Clark County and other local governments in Southern Nevada are actively supporting Reno in an unfolding lawsuit between the city and its firefighter union.
The county and Nye County, along with the cities of Las Vegas, Henderson and North Las Vegas, filed a brief last week with the Nevada Supreme Court that backs the city of Reno in the lawsuit. The case is rooted in the city’s move to lay off 33 firefighters who were paid with grant funding that has since ended.
A District Court judge in Reno issued a preliminary injunction in June that prevents Reno from completing scheduled layoffs. The order states that the union could prevail in administrative proceedings that haven’t yet happened, including taking the dispute before an arbitrator. Reno has appealed that order to the state’s Supreme Court.
The county’s brief argues that Reno, like other cities, has the power to manage its finances and make decisions through the separation of powers principle that prevents one branch of government from encroaching on another.
“The weighing of the various needs of a city or county cannot be second-guessed by a judiciary, which is provided no standards by which to judge those competing needs,” the brief states.
Clark County commissioners discussed the issue Wednesday.
Commissioner Chris Giunchigliani said the county’s arguments are focused on the broader legal aspects of the case, not the labor negotiations between Reno and its firefighters union.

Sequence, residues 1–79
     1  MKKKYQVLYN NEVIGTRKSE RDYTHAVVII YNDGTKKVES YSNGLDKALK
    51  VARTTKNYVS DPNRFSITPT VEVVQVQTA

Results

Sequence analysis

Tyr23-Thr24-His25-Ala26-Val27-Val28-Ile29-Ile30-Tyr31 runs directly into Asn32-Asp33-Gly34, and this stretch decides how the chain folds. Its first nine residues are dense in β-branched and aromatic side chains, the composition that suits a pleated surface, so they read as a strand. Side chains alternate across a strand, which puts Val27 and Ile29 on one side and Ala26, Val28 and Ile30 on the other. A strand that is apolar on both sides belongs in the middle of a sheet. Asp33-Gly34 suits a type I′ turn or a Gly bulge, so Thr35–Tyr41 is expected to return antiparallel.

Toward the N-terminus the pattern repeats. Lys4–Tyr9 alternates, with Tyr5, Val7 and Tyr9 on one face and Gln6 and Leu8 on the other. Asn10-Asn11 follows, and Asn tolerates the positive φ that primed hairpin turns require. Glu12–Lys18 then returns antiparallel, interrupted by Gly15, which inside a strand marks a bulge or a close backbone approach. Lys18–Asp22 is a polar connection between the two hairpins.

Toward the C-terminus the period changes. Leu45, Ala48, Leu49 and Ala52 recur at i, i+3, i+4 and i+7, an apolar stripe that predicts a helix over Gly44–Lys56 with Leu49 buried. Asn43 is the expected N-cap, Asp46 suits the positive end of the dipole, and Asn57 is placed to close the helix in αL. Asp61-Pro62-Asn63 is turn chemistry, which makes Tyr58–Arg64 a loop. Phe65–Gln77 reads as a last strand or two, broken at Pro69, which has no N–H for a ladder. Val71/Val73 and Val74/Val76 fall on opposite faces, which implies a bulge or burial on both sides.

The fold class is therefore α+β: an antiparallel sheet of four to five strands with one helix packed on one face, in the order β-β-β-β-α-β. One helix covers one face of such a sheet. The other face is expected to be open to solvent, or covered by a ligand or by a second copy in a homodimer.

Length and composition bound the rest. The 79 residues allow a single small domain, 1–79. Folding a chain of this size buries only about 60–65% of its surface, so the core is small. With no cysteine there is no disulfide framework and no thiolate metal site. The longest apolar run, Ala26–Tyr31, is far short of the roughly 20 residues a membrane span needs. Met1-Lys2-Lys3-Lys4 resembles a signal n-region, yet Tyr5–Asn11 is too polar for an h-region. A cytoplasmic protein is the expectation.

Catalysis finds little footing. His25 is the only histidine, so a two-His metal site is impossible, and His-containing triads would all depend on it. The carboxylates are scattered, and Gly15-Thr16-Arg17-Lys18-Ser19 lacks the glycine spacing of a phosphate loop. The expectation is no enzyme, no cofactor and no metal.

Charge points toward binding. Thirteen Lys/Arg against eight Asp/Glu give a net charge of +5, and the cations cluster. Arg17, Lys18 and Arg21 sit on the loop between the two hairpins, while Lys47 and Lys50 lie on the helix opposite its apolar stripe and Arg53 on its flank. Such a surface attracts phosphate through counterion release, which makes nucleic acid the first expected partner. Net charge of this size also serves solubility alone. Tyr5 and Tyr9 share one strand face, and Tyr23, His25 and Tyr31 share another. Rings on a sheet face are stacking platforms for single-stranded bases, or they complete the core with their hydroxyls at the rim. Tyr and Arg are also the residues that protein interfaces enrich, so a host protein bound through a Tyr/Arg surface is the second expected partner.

Commissioner Mary Beth Scow agreed, saying that elected officials are representatives of the taxpayers.
Commissioner Tom Collins opposed the county’s involvement in the case.
“I strongly believe that we’ve got no business in any shape or form of being involved in this while there is a labor dispute in a municipality that’s 450 miles from us,” Collins said.
Collins noted that he doesn’t believe the Supreme Court will harm the Nevada statute that covers public employees and relations with governments.
The county’s attorney, Mary Anne Miller, responded that her concern is not limited to that.
“One of the most important jobs you do is determining the allocation of limited funding,” she told commissioners.
The brief also argues that the District Court improperly exercised its jurisdiction in the case because the union had not yet pursued administrative remedies, which include taking the matter to the Local Government Employee Management Relations Board.
Commissioners had apparently been unaware of the filing, in which Miller played a role. Giunchigliani said she first heard about the brief when someone asked her about it at a grocery store.
Miller said that for quick-moving legal actions, she’ll talk to commissioners individually about court filings to keep them updated, which is allowed under the state open meeting law.
Douglas County, Storey County and the Nevada Taxpayers Association have filed motions to join the brief backing Reno.
Contact Ben Botkin at email@example.com or 702-405-9781. Find him on Twitter: @BenBotkin1.